Jamie: Hello parents and welcome to Parenting in a Digital Age, the podcast that explores the unique challenges and opportunities of raising children in today's tech-driven world. In each episode, we dive into insightful conversations with experts and thought leaders to provide practical guidance for navigating the digital landscape as parents. In today's episode, we have a very special guest joining us. We always have special guests joining us, Matthew Isler. Matthew is a former New York State General and a special education teacher with a decade of experience in the classroom. However, feeling frustrated with the state of public education, he made a bold decision to follow his passion and utilize martial arts to empower students mentally, physically, and emotionally. And with over 20 years of martial arts training and a fifth-degree black belt, Matthew brings a unique perspective to parenting in the digital age. He's developed a martial arts curriculum and a character development program that not only strengthens families within the studio, but extends its positive impact into the community. Matthew, thanks for joining us. Please share with our listeners in your own words, what you do and what you're passionate about. Matthew Eyler: Yeah, no problem. Thank you for having me. Yeah, as you mentioned, I was a teacher in the New York State public education system for about 10 years. Always wanted to be a teacher since I was young, knew I wanted to work with kids, had a passion for that. And really the reason that I wanted to do it was, you know, kind of that cheesy, it sounds cliche, but just really wanted to help people. And I mean that from the bottom of my heart. That's really what I wanted to do. And so I went to college for education and said I was going to be a teacher and did my did my time doing all that. And I became very, very frustrated very, very quickly with at least here in New York State. A lot of the red tape and the curriculum and the requirements that were required by the state and by public education. And I got really, really frustrated because at the end of the day, I was teaching. My kids may have been scoring well on their tests and achieving their benchmarks, but there was a whole component of social and emotional learning that was really missing. I wasn't seeing my students grow in the way that I knew I had grown under the tutelage of teachers when I was younger. Um, so side to that, uh, I've always done martial arts since I was about 10 years old. I've been doing it for about, it'll be 23 years this fall. Um, I started helping out in classes and teaching after just a couple of years of, of taking martial arts classes. So it's been something I've always done. Um, and it got to a point where I saw the amount of good that I was able to accomplish in the martial arts studio far out, far out pace. the success that I was able to find in the classroom. And so when COVID happened in 2020, I was presented with an opportunity where I could leave education and open up my own studio. And so I took it and we've been growing and thriving here for about two and a half years now. And it's just been a pleasure. It's been great. I've met, we've had over close to 200 students come through our doors. just in the past year or so and it's growing exponentially. And we've gotten to a place where we're seeing students, you know, obviously we're learning martial arts, that's the filter, that's the lens that we teach through, but it kind of blooms out into all aspects of life. And I hear great stories about kids doing well in school and improving relationships with their families and growing in the soccer field and the dance studio and all these other places. So we're really able to make a difference through the lens of martial arts. but it extends outwards to other areas as well. Jamie: Yeah, that's tremendous. And congratulations on taking that bold move and that step. And the impact that you're creating, but the future impact that you're going to create. And we shared before the show, I'm going to share this with our listeners, they've never seen this before. But I'm a fellow Black Belt, not quite as accomplished as Matthew. But one thing I wanted to share is that there are two things I believe all children should do. Well, and I'm. Well, the first one is very biased. I'm gonna say kids should learn coding. All kids should learn how to program a computer to become an innovator and a problem solver instead of just a consumer. But I think all kids should do martial arts. You know, the values and what it helps you become as a person, I truly understand. Hopefully Matthew's gonna help us help convey that today so parents get a bit excited about what the potential of martial arts and what it can do for their kids. Let's start with a question that. about martial arts, how do you think it can contribute to a child's mental, physical, emotional development in this digital age? Matthew Eyler: Yeah, you know, it's interesting because for me, I was a child when I was younger, you know, anxiety, ADHD, you know, just run the list of mental health problems that a young person can have, and that was me. And so the Rational Arts, the most as a young person was the structure that it provided. Kids, young people. They tell you they don't want structure, they don't want routine, they wanna do their own thing, but the truth is they really thrive off it, right? Our brain likes when you have, if A, do B, right? We like that kind of sequencing. If this happens to me, this is my solution. And when students aren't given the tools to know how to deal with those problems, that's when anxiety and frustration is created because they don't understand if I've given problem A, I don't have the tools to create solution B. And so the structure that martial arts provides students with this idea of routines, you know, everybody stands a certain way, everybody dresses a certain way, there's a certain way to do a kick. If someone throws a punch a certain way, these are the different ways we can defend against it. structure that allows students to be successful. And then the goal of martial arts training, at least at my studio, is to take those structural tools that we're teaching students, which end up becoming things like confidence and discipline, kind of these key core character traits that we develop in our students through the lens of martial arts training, is to take those and then send them out into the real world with those skills that they've developed and apply them to other situations. You know, so for example, This is a really simple example, but I've had students come to me, the parents come to me and say, Oh, Johnny can't sit still. He can't focus in classes. Okay, he's got issues with focus. He comes, does our martial arts training, and in our martial arts classes, we stand, we act, we carry ourselves a certain way. Now that being said, I want to really emphasize that, you know, it's not like if you've ever seen like Cobra Kai yelling and forcing students to act a certain way and answer a certain way. There's a time and a place for that kind of attitude, but it starts out with just gentle reminders. Oh, Johnny, I love the way you're standing. Oh, very good. I love how so-and-so here standing. Can everybody, can you guys stand like he is? That looks great. And those reminders eventually develop into routines. where there is a positive reward for standing a certain way. And it'll start off very simple with a compliment. You know, oh, I love how Johnny's standing. But then the students, they start to see the results. Well, what I'm standing still, I can focus more. And when I'm focused more, I'm able to achieve more. And then once they've developed that within our studio, you know, that starts to apply elsewhere, where they say, okay, well, I remember, the students call me Master Eiler. Oh, I remember Master Eiler telling me about sitting still, you know, I could try doing that in the classroom, my teacher's talking, let me keep my eyes on them. And you start to see these skills being applied. So everybody always thinks of martial arts as punching and kicking and grappling and fighting, and there's definitely elements of that, don't get me wrong. But, When it comes to training young people, you know, that kind of demographic of ages three through 15, that's really what we're looking at is we're looking at developing routines and structures that the students can take inside the studio and then apply to areas outside, whether it be school or one day employment in their jobs or in their relationships, whether it be with siblings or parents or boyfriend, girlfriend, spouse. the studio. Jamie: Yeah, absolutely. And you guys, you're only just scratching the surface. Like I know at your studio and many other martial arts studios around the world, you know, you're teaching things like self-discipline and resilience, you know, and, you know, when a student walks in for their first class, you know, they learn their first punch and how to form and they practice that for the next five or 10 years. And sometimes they don't want to do that. They think, well, you know, I've done this punch. I know this punch, but it's a... It's that repetition, it's that development that builds character. It's pushing through things that are really difficult or tremendously hard in the studio, you know, translating that to real life, like resilience is a skill that, you know, we can't underestimate. And I know you guys do a tremendous work there. So as parents, we're always striving to raise our kids with good values. And you've touched on some of that. You know, we want to help our kids effectively become good people. We want our kids to be happy. So tell us a bit about your character development program. Like, you know, what's that about and how does that compliment the values that us as parents are trying to instill Matthew Eyler: Yeah, Jamie: in our kids? Matthew Eyler: I mean, the character development program that we started using, we end every single class with what we call a message of the week, which there's a key character development attribute that we're going through the week and we're discussing. And we discuss it in class and we discuss it at the end of class. But the way I always frame it to parents and to new students is martial arts is about being strong. And there is a physical aspect of that, right? Doing punches and kicks and pushups and, you know, breaking boards, there's that aspect of it. But there's another component about being emotionally, right, strong, about having strong character, being that type of person that is able to deal with difficult situations. So I always tell students, you know, yes, we want to be physically strong. We want to exercise. That is a lot of what we do. But if your character... is not strong, right? If you are not able to deal with emotions in a way that is persevering and strong, then how strong of a person are you really? You know, so our character development program is all based on that idea of how can we become stronger, more whole people, emotionally, mentally, physically, and that's kind of the basis. So whenever we're Developing a skill. So for example last week our message of the week was about good habits, right? It was about good habits And developing those. And of course, that looks different for like our preschool students versus like our elementary students versus our high school and adult students. And we differentiate that based on the ages we're talking about. But how do we frame that in a way where we're talking about being a strong person, right? So for example, with good habits, right? That was the message of the week we talked about last week. We talked about how students who develop good habits, right? Are more successful in life, right? A person that doesn't have to think about brushing their teeth is gonna be healthier. right? A person who eats healthier is going to be physically stronger. But then we take it a step further, right? We say, okay, a person who has a good habit of talking to themselves positively, I am confident, I am strong, I can do this, right? That kind of positive rhetoric. That's a good habit. Okay, so it's not just how you're acting, but it's also how you're thinking. It's also how you're feeling. And so we have these conversations with these kids about not just what they're physically doing, but what they're emotionally doing. And then there's a part where we bridge the gap. So, for example, one of the things our students do is we break boards. You know, when they receive a new belt, they have to use one of their martial arts techniques to break wood. And so we'll relate that to our physical skills. So for example, oh, if you want to break the board with a punch, you have to make sure you practice good habits of keeping your hand tight, right? That's a physical aspect of it. If you hit that board and it doesn't break the first time, you have to practice the good habit of saying to yourself, I'm strong and I can do this, right? That positive rhetoric. You have to develop the good habit of when it doesn't work the first five times, you try another five times, right? That resilience. And so there's all these things that we are able to tie activity of martial arts to develop a person both emotionally and mentally. And you mentioned before about wanting kids to be happy, right, to be successful adults. That's what we want them to grow into. And you know I always think it's funny because a lot of our adults benefit from these same messages that we are talking to our kids. I'll sit, we have we have a little corner that all the kids come and sit down and at the end of class and we'll sit down and I'll give them this really uplifting message and we'll talk about these feelings and about how to handle certain problems. And I've had parents come up to me afterwards and be like, that was really good. Like I really needed to hear that. You know, so it's something that we can all work on developing, but I think the earlier we started with our kids, you know, this positive rhetoric and these emotional. and mental skills that they need to be successful, the more happy and successful adults they're going to grow into. I know I can speak that from experience. You know, I'm definitely a different person as an adult and have handled things much better than I would have if I didn't have my martial arts training. And it doesn't have to be just in a martial arts school. Obviously, I want everybody to do martial arts. Martial arts is my passion. That's great. But I know one of my favorite things that I've seen is as I'm having these conversations with kids, the parents are listening and they're partnering with me at home. know so we'll talk about something in the in the in the studio the parents will go home and they'll reiterate I remember what master Eylers said let's try that and so now we're building this two-way street of communication where the kids are getting reinforced what I'm saying at home Jamie: That's wonderful. I'm just gonna pause for a minute. I'll mark this clip so that I can edit. I don't normally stop halfway through, so apologies for that, but I've got a message coming up that I haven't seen before. It says, Matthew Iler ran out of storage. Restart the browser, free some hard disk space to end avoid incognito mode. So there's probably something you need to do on your end. Sorry, I've not actually seen that before. It may be. What we might do is, let's just try restarting the browser. I'll go out of the, this is recorded, so I'll stop this recording and we'll come in and we'll record the second part of this. So we'll just pick up where we left off. Let's try that again. Jamie Yeah, that's so powerful, Matthew. And I'm so pleased to be able to be sharing this message with parents, because when the average parent peers through the window of Trinity Martial Arts or any martial arts academy around the world, what they see is kids doing punches and kicks or maybe some sparring or maybe some pushups. But really what's going on inside of your studio is far more life-changing, certainly in my view. And I think parents really should check it out. Matthew Eyler I'm just pleased to be able to be sharing this message with parents. Because when the average parent peers through the window of Trinity Martial Arts or any martial arts academy around the world, what they see is kids doing punches and kicks or maybe some sparring or maybe some push-ups. But really what's going on inside of your studio is far more life-changing, certainly in my view. And I think parents really should check it out. I wanted to share my screen for a minute. Jamie I wanted to share my screen for a minute. Just you've given me an idea. And if I can get the technology to work on my end, this will be wonderful. Let's have a look, let's find the window. Okay, there we go, this will work. Can you see that at your end? Matthew Eyler and if I can get the technology to work on my end, this will be wonderful. Let's find the window. Okay, there we go. This will work. Can you see that at your end? It's coming up right now, it's loading. Hopefully our viewers, or those that are at least watching on YouTube or one of the right channels will be able to see this. If you can't, if you're on Spotify or Apple, I'll talk through this anyway. But one of the things we do in our own classrooms, so to speak, at Skillshare Samurai, is it's much the same thing when you peer through the window of a coding school or a STEM academy, what you see are a bunch of kids working on computers, Jamie Hopefully our viewers or those that are at least watching on YouTube or one of the right channels will be able to see this. If you can't, if you're on Spotify or Apple, I'll talk through this anyway. But one of the things we do in our own classrooms, so to speak, at Skill Samurai is it's much the same thing when you peer through the window of a coding school or a STEM academy, what you see a bunch of kids working on computers and you don't really see the underlying values that are being transferred. Matthew Eyler underlying values that are being transferred and we kind of borrow this from martial arts and you know you probably see that right away and skill samurai is kind of in our name but we teach kids generosity, resilience, honesty, kindness, self-discipline, respect and courage. And one of the ways much like yourself that we do that is you know when we see a student in class who's perhaps Jamie We kind of borrow this from martial arts. You know, you probably see that right away and skill samurai is kind of in our name, but we teach kids generosity, resilience, honesty, kindness, self-discipline, respect and courage. And one of the ways, much like yourself, that we do that is, you know, when we see a student in class who's perhaps, you know, going out of their way to help another student, you know, one student's got a problem with their code and another student helps. Matthew Eyler you know, going out of their way to help another student. One student's got a problem with their code, another student helps. At the end of class, our educators are gonna stop that student, acknowledge them, give them a sticker for generosity. Because generosity is being generous with time, not just contributing. It's one way that kids can contribute. And in the same way, we wanna partner with parents to help these kids build great values, morals, social skills, and life skills that will empower them well into the future. So, yeah, thank you. Jamie At the end of class, our educators are going to stop that student, acknowledge them, give them a sticker for generosity, because generosity is being generous with time, not just contributing. It's one way that kids can contribute. And in the same way, we want to partner with parents to help these kids build great values, morals, social skills, and life skills that will empower them well into the future. So thank you for sharing that. And I encourage parents to check out... Matthew Eyler and I encourage parents to check out wherever you are in the world if you haven't tried martial arts, at least go and try a class. This is something that is inclusive and it is really for everyone. Yeah, and I love that you said the word inclusive there because I've had over my years doing this, parents come to me and almost sometimes really upset. Jamie wherever you are in the world, if your child hasn't tried martial arts, to at least go and try a class. This is something that is inclusive and it is really for everyone. Matthew Eyler that my kid is going to be a bother or my kid is going to be trouble for your class. I don't want there to be a disruption. They may have physical limitations, which are they ever gonna be able to be a black belt or whatever and that type of thing. And those are all conversations we can have, but I always wanna reiterate to parents that this is what we do. This is what we do. There's very little that I haven't seen. And... as my job as an educator, whether it be in the classroom or in the martial arts studio or wherever, is to try to help. So, you know, it's gonna look different for everybody. You know, I've got some students who have trouble kicking above their belt, and I've got some students who can't do a single pushup. But the ability for the... us to try to help them is what's there. You know, they are working on improving themselves in which way in one way or another and that's what our job is. You know, that's why I wanted to get out of public education and go into martial arts because here in the studio I feel I can do that. Couldn't always do that in the classroom and that's the goal, right, is to be inclusive and to help people where they are. Jamie Yeah, that's wonderful. And I guess that's why the, let's call it the private education sector and the industry and the space that we're in has so much innovation or is able to tailor learning or to be able to create these diverse, inclusive spaces or wonderful programs is because you're not bound by that red tape and the politics and the governance. And I'm not saying that's not important. Like we need that in schools, but you're able to move it and be a bit more nimble and adapt. And Matthew Eyler let's call it the private education sector and the industry and the space that we're in has so much innovation or is able to tailor learning or to be able to create these diverse, inclusive spaces or wonderful programs is because you're not bound by that red tape and the politics and the governance and I'm not saying that's not important because you need that in schools, but you're able to move and be a bit more nimble and adapt for a modern era. So just let's take that point a bit further. Jamie adapt for a modern era. So just let's take that point a bit further. So how can martial arts foster that sense of community and belonging for children? So, you know, if you consider the social isolation or potential isolation that's caused by excessive screen time, so kids in social media and YouTube, and I see it in my own kids, right? You know, I'm not immune to this either, but how does martial arts foster that sense of community and belonging for kids? Matthew Eyler How can martial arts foster that sense of community and belonging for children? So, you know, if you consider the social isolation or potential isolation is caused by excessive screen time. So kids in social media and YouTube and I see my own kids, right? You know, I'm not immune to this. Sure. But how does martial arts foster that sense of community and belonging? Yeah, I tell people that martial arts training is the most individualized team sport. You know, when a student goes to competition. There are some such things as team competitions in martial arts, but I would say 99% of the time it's very individualized. You are in a sparring match against someone else. You are doing your form, your routine, competing against other people. You're not on a team. No one is helping you. Everything is on you. And that can be really powerful because if you win, guess what? It's all on you. If you lose, it's all on you. stepping aside from that and looking at a martial arts class, it is such a powerful community when done the right way. I have been in martial arts studios where sometimes the instructors will pit students against each other and you know try to see who comes out on top and that can be very toxic and you definitely have to watch out for that. But I think the modern trend with a lot of martial arts studios is now that it is a sense of camaraderie right. Martial arts is military right that's where the word martial comes from and when you are working together in a platoon or a unit that type of thing right. sense of supporting each other. Everybody might come from different walks of life, everybody might have a different skill set, but at the end of the day you're there for the same reason, whether it's to capture the enemy's flag or whatever goal you want to envision for yourself. And so in martial arts we kind of treat it that way where, hey, we're all here for a different reason. Johnny's here because he can't focus. Sally's here because she wants to learn to defend herself. Tommy's here because he just has too much energy and his parents don't know what to do with him. But at the end of the day, we're all here. And so we help each other at whatever goals we're working on. So if I've got students that aren't flexible, maybe they can't stretch out. They can't kick that high. We're going to make sure that we are encouraging them. And it's not, oh, man, Johnny can't do that. Sally's better. Look at Sally. It's, hey, Sally, see if you can help Johnny with that. Right. And I tell people all the time, I say, I'll say to, you know, Sally, go help Johnny if Johnny doesn't look good. It's on you, Sally, you know, that type of thing. So there becomes this camaraderie of like, Hey, we have to help each other because we're all in this together. Um, and everybody's working on a different goal. Everybody's at a different belt or working on a different routine. Um, that type of thing, but at the end of the day, we're all on the floor, we're all sweating, we're all tired. We're working on improving ourselves. And that's really what matters. Um, so, you know, I see. A lot of students, they come in very isolated because a lot of the students that I work with, they're here because they don't have confidence, they don't have friends, they don't have that sense of self that a confident person would have and so they might lack that community. And so when we're here in the studio, we're all in this together and so people bond together really quick. You know, when you are all... This sounds really negative, but hopefully everybody will understand what I mean. When you're suffering together, you know, Payne is a great teacher. When you're all doing push-ups together and you're all sweating together, that brings people together really, really quick. And it comes from a place where we're able to build each other up and help each other. And yeah, I think that's the biggest thing is, you know, in this digital age where kids are constantly... bombarded by isolation and social media and technology. It's really nice to bring people together with a common goal. And whether that goal is training in martial arts, or I know great studios that do dance, or do soccer, or other team sports, that's something that's really lacking in today's day and age. And so I really see martial arts filling that gap of, hey, we are a community, we support one another, and we're all working to improve ourselves, so we're gonna help each other with that. Jamie Yeah, you're wonderful. You know, when a kid starts martial arts the first day, they almost set a goal to become a black belt, you know, almost from the day they walk in. It's this aspirational identity. So talk a little bit about what it means to be a black belt or to become a black belt. What does it actually mean to you? Matthew Eyler When he starts martial arts the first day, they almost set a goal to become a black belt. You know, almost from the day they walk in. It's this aspirational identity. So talk a little bit about what it means to be a black belt or to become a black belt. What does it actually mean? Yeah, you know, we have, and my studio and a lot of different studios, at least in the US, use what's called the student creeds, which every day before class, we say four different affirmations. And the last one that we end with goes along the lines of this is a black belt school, blah, blah. And we end with what's our quest to be the best? What's your goal? Black belt, sir. That's how we end it. And we say that from day one. When the student starts, they say that student created the being a class and the goal is to be a black belt. And goal setting is one of the most important things about martial arts. You know, hopefully a student gets to the place where the belts don't matter. They just want to learn. They just want to grow. Right? But they do, you know, it's yeah, motivation is key. And so it's a great tool to teach students to have something to work towards when you have something tangible that a student can achieve that next color belt. That's very motivating. So the goal is right to get to black belt. But there's so much beyond that. Jamie We're human, we're human. Matthew Eyler And we do at my school, we do Tang Soo Do, which is a Korean martial arts similar to Taekwondo. And originally in Tang Soo Do, if you go to its founding in the 1940s, there were four belts. There were white. green, red, and black. And the reason those were chosen in this art was because they represented seasons. White represented winter, green represented spring, red represented summer, black represented fall. And the idea is in white is winter, you're empty, you're clean, you're poor, you're pure. Green is spring, you're growing, you're blossoming. Red belt, it's hot, it's summer, you're working hard. And then black belt is the harvest, right? That's your black belt exam, that's your taking the fruits of your labor and putting it to the test. But what people always forget is if black belt, at least in our system represents autumn, represents the fall, after fall comes winter. After fall, it starts all over again. And so the idea with black belt is that it is this constant state of learning, of self-improvement. When you get to black belt, you're really going back to white belt. You are realizing, hey, all that stuff I learned, there's a lot of fine tuning that I can do. And like I mentioned before about taking these character lessons that we talk about inside the studio and applying them elsewhere, that lesson of being an eternal learner is something that we teach our students. We have an ongoing joke in my school of what's the biggest room in the whole world? The room for improvement. You know, there's always room to grow. There's always room to learn and improve. And so for us at Black Belt, We continue to second degree, third degree, fourth degree of black belt. You graduate high school, you know, you might be picking up a trade, you might be going to college, you might be joining the military. There's always this determination to improve ourselves and grow and set a new goal. You know, whatever that goal is, there should always be something on the table in front of you. And I think that makes for a, going back to what I said before, makes for a very strong person, a very determined person. And. You know, that's something else that I think a lot of kids are lacking these days is, is what am I working towards? You know, am I working towards something tangible and real that's going to better me as a person? And martial arts is one way of providing that. Jamie Yeah, and that whole continuous learning, in my view, leads to leads to purpose in life, you know, to understand your place and how to contribute and give beyond yourself. So it almost becomes that finding a life of service where perhaps in our junior belts, we don't have that life of service. It's more about us and the focus is on us instead of our community and external. Well, here's an interesting question. How is your own journey? Matthew Eyler to understand your place and how to contribute and give beyond yourself. It almost becomes like finding a life of service. Perhaps in our junior builds we don't have that life of service. It's more about us. the focus is on us instead of our community and external. Yeah. Here's an interesting question. How has your own journey to Black Belt and certainly well beyond, you've encountered many seasons in your journey, how has your own journey shaped your character personally or altered your life? Yeah, I mean, it has 100%. For me and myself, Jamie to Black Belt and certainly well beyond. You've encountered many seasons in your journey. How has your own journey shaped your character personally or altered your life? Matthew Eyler emotionally stable of homes. And so martial arts, like I said before, provided that stability, whether it be providing me an outlet to help me learn to focus or providing me a community because I lacked that. It was the structure that I really needed when I was younger. And so even now as an adult, because our problems don't go away when we're older, right? Our goal is that our children grow up and be strong, healthy, happy individuals. But we know as adults, that's not the case 100% of the time, or there's always gonna be struggles, there's always gonna be difficulties. But the ability martial arts has given me to deal with those difficulties, whether it be a sense of resilience, or commitment, or discipline, or focus, strong personal character, that has been the key. I would never say that martial arts has made my life easier, but it has helped me. deal with difficult situations in a way that has helped me find success. And that's the goal for our students. If I look back, it's funny, I look back at when I was a white belt or a green belt or those younger lower belts, when I was like 10, 11, 12, 13 years old. And I look back and I'm like, what a punk. I look back at who I was as a kid and I had a completely different. worldview than I do now. But if it wasn't for martial arts, I would have never grown past that. I would never grown past that. So I'm not ashamed of those mistakes I made when I'm younger. More so I can see how martial arts was able to help me be steered in a better direction. And like you said before, that's the goal for our kids is to have that structure and support so they can grow up to be happy, healthy, strong adults. Yeah, martial arts is, like I said before, is one great way of doing that. Jamie And it really looked at, and that's a tremendous gift for a parent to be able to give a child. And it also helps them form a more compassionate view on the world and how they see the world. Almost you're talking about martial arts being a lens and it is, because they see all sorts of situations within the studio that they can apply to real life. So here's another one. Let's say I was a parent listening perhaps to this episode. Matthew Eyler That's a tremendous gift for a parent to be able to give a child. And it also helps them form a more compassionate view on the world. Sure. And how they see the world. Almost you talk about martial arts being a lens, and it is. Because they see all sorts of situations within the studio that they can apply to real life. So here's another one. Let's say I was a parent listening, perhaps, to this episode. And I'm interested in looking for a martial arts studio. I mean, you're in New York. Jamie and I'm interested in looking for a martial arts studio. I mean, you're in New York, I'm in Sydney. What advice would you give to a parent? How does a parent find the right martial arts studio? Because you said earlier that there can be some that might have a toxic culture perhaps. So how does a parent find one that would be an inclusive diverse space that's just right for their child? Matthew Eyler What advice would you give to a parent? How does a parent find the right martial arts studio? Because you said earlier that there can be some that have a toxic culture perhaps. So how does a parent find one that would be an inclusive, diverse space that's just right for their child? Yeah, I would really suggest. So my school, we have two ways of getting students, right? Our two ways. We have our website, Google SEO. through that Internet Avenue, but I would say just as many if not more come from parent recommendations. And I've had many students come to me, their parents come to me and say, oh my son tried it out at so-and-so's down the street. We did not have a good experience, but he's so happy here. This is completely different. So I would really suggest reaching out into your community and And I would especially reach out if you know somebody who does martial arts, who has a student that maybe has disabilities. I have students that are on the spectrum. I have students that have ADHD. I have students that have depression. I have students that have physical limitations. And those parents are the ones that give me the best reviews, right? Because it's one thing to help a kid who's a star athlete do martial arts. You know, that's great. That's awesome that the kid is succeeding. but it is a completely different level of success when you're able to help a student who is the least of these, you know, quote unquote, lower on the totem pole and needs that extra hand. So I would tell people to reach out to the community, talk to people you know, see if there's anyone out there because that personal connection is gonna be your best bet. But then the second thing I would tell people is go in and just ask if you can watch a class. You know, and when people watch their class, I tell them, would you be okay when you listen to that instructor teaching and you listen to the way I talk, the way I teach, don't ask yourself if you would be okay with me talking to your child that way. Ask yourself if you would be okay with me talking to you that way. You know, because a lot of times teachers in public education and extracurricular activities, a lot of times teachers have this kind of ability to talk down. to students, right? And in martial arts, that's one of the most toxic things I see is, I am the master, I am the sensei, I am the instructor, and you listen to me, and it's yes, sir. There's a time and a place for that. But when it becomes condescending, when it becomes detrimental to the student's mental well-being and emotional well-being and their confidence and their skills and that type of thing, that's when it becomes. negative. And so a lot of times parents will come in and they'll listen to the way we teach the kids and be like, oh that's great, that's the way, that's what Johnny needs. Johnny needs that. Johnny needs that firm hand. But I always make sure to do it in a way of I'm correcting Johnny, but I'm also not bringing him down. You know, I'm not putting him below me. I am trying to lift him up to me, you know, if that makes sense. And so I would just I would always say to parents, you know, ask if you can go watch a class. If you're not sure if you want your kid to try it out, just ask if you can go sit and watch. Because a good studio that has a good culture, they'll have no problem with you watching. And if you go watch, you'll know it's a good culture if you hear them talking to those students with dignity and with respect. Because at the end of the day, you know, we talked a lot today about wanting to teach our students those skills and those positive character traits. It doesn't matter how much you profess. you know, respect if you're not giving it, you know, and kids pick up on that. And so I would tell you to go into those schools and listen to the culture. And again, don't put it on your kid, put it on you and say, hey, would I be okay if someone talked to me this way? And if the answer is no, don't put your kid there. You know, don't put your kid there. Put it in a place where you would feel comfortable and feel respected, because they deserve that. Jamie That's great, great advice, great advice, Matthew. What about for those parents who maybe don't have access to a martial arts studio? I mean, I know they're almost on every street corner, but there are some places where there might not be anything convenient, or I might not have the means or to be able to afford to send my child to something like that. But yet I still want to help my child through martial arts and learning the principles and the values. Would you have any advice for those parents? Matthew Eyler What about for those parents who maybe don't have access to a martial arts studio? I know they're almost on every street corner, but there are some places where there might not be any convenient. Or I might not have the means to be able to afford to send my child to something like that. But yet I still want to help my child through martial arts and learning the principles and the values. Would you have any advice for those parents? Matthew Eyler I am teaching is, martial arts is just a lens for what I'm teaching. You know, I am in a position where I am the master instructor in my school and I'm able to have an impact on kids and we do that through martial arts. But I would really suggest people, if they're not able to get themselves into martial arts, to search for that type of mentorship. elsewhere, you know, so that could be done with like a basketball team or a baseball team, you know, there could be a coach, could be if you're a person of faith, could be someone in your church that you really look up to, could be a neighbor, you know, down the street, you know, I really respect Mr. Smith down the street. Look for those mentorship opportunities. It's really important for our kids to hear good influences from someone other than us. You know, I'm on the same team as Johnny's parents, but Johnny's gonna listen to me in a completely different way than he listens to his mom and dad, even though I'm saying the same thing as his mom and dad. Right? And so I would tell parents to really look for opportunities for their kids to be mentored. That can be done through sports, that can be done through the arts. At the end of the day, it really doesn't matter how it's being done, whether it be musically or physically or artistically. religiously, it doesn't matter. What matters is that student has a positive role model who they can look up to and can impart to them the wisdom necessary to grow into a strong, healthy adult. And I think when it comes to the digital age, a lot of kids that mentor is becoming a screen, whether it be social media or gaming, there's nothing wrong with those things. But when that becomes the thing that shapes your identity, that's problematic, right? So finding a role model, a person, an activity that can be the mentor to your child, not replacing technology, technology's not bad, but giving them an alternate source for that positivity, that's really meaningful. And so I would tell people to look into that, to find community and whatever. Aspect you find it and provide that to your child because that's gonna be really helpful to them Yeah, sure, absolutely Jamie That's very wise advice, Matthew. And there are two other avenues I'll share. Of course, don't forget your local coding school, shameful plug for skill samurai. Never forget that. Lots of great educators, world-class mentors within that. But actually, in all seriousness, apart from that, reach out to your local Rotary club. Rotary is a wonderful international organization. They run many youth programs. They contribute to many programs that your child can perhaps participate in. They sponsor kids into. Matthew Eyler Rotary is a wonderful international organisation. They run many youth programmes. They contribute to many programmes that your child can perhaps participate in. They sponsor kids into camps and all sorts of mentorship programmes, often at no cost. So look up your local Rotary club and get involved. Jamie camps and all sorts of mentorship programs, often at no cost. So look up your local Rotary Club and get involved. Matthew, one last question, one fun question we like to, a little bit lighthearted. We ask everyone on our show, that is if you had a time machine and you could go back to the, let's say the 10 or 12 year old Matthew, and give yourself one piece of advice, what would that advice be? Matthew Eyler Matthew, one last question, one fun question we like to light hearted. We ask everyone on our show that is if you had a time machine and you go back to the, let's say the 10 or 12 year old Matthew and give yourself one piece of advice, what would that advice be? Oh, I've thought about this a lot actually. My advice to my younger self would be to like yourself more. the struggles I had growing up and one of the reasons martial arts benefited me so much was because I lacked confidence, right? And one of the reasons I lacked confidence was because at the end of the day I had a lot of negative voices telling me that I wasn't good enough and so that voice became my reality. I'm not good enough. I'm not smart enough. I'm stupid. I'm ugly, whatever. And so if I could go back to my younger self it would be like yourself more, you know? Love yourself more. And That's one of the things that I've always carried with me when I'm teaching with martial arts is if, you know, one of my students is just really has a terrible kick or just can't break that board. I don't want that to be their defining characteristic. I don't want their failure. I don't want their lack of confidence to be the thing that really forces them to spiral and be down on themselves. I want them to know that they are loved and they are valued and they are important to me and just because they didn't succeed this time or just because they didn't have as good of a time, they are still valuable. And that's something that I would tell my younger self and that's something that I try to tell all the young people that I work with is that you are important in whatever shape or form you take. And you know. and you are loved because I think that's something a lot of young people need to hear. It sounds cheesy, it sounds cliche, but I think a lot of people if they really ask themselves do I like myself, that's a scary question they might not and so I really encourage people to think about that. Jamie More wise words, Matthew. Thank you for your time today. Thanks for your contribution to the community. Yeah, no, it definitely was. And just one last thing, where can people reach out? How can they find you if they want to reach out or they're in your area? Matthew Eyler Thank you for your time today. Yeah, no problem. It was great. To the community. Yeah, no, it definitely was. And just one last thing, where can people reach out? How can they find you if they want to reach out? Yeah, absolutely. So we are located in the Hudson Valley of New York, a little bit north of Manhattan, New York City. People are more than welcome to check out our website, trinity martial arts ny.com. Follow us on social media. Even if you're nowhere near me and you're just looking for some positive influences and some cool martial arts, you're more than welcome to check us out on Facebook, Instagram, trinity martial arts ny. And if you are a martial artist and you're looking for some fun, we also have a TikTok. We post funny memes and videos just about kind of martial arts community and what it's like to train in the martial arts. So yeah, you're more than welcome to reach out and check us out. And like I said before, I really encourage you to find some martial arts. And if you can't find martial arts, find those other positive community influences. Jamie Yeah, wonderful. Thanks again for your time and I hope we cross paths again soon. Cheers, Matthew. Matthew Eyler Thanks again for your time and hope we cross paths again soon. Absolutely, thank you.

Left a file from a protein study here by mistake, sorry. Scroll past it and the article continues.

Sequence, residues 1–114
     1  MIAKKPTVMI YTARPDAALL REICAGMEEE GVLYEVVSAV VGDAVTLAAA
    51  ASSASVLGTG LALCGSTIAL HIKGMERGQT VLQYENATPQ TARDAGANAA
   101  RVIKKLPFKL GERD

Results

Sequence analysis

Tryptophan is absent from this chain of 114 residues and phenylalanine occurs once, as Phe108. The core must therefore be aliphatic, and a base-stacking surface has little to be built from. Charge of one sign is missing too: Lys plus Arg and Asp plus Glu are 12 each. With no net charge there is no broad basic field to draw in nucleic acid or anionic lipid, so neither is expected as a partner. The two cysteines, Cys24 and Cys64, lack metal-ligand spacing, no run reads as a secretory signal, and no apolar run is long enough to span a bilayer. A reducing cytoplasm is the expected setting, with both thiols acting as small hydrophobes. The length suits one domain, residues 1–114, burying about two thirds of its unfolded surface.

If you enjoyed the show, please connect with Jamie on LinkedIn or Instagram. You'll find links in the podcast description. Parenting in the Digital Age is sponsored by Skill Samurai Coding and STEM Academy for Kids. Skill Samurai offers afterschool coding classes and holiday programs to help kids thrive academically and socially while preparing them for the careers of the future. Visit www.skillsamurai.com.au. This episode is sponsored by Skill Samurai - Coding & STEM Academywww.skillsamurai.com.au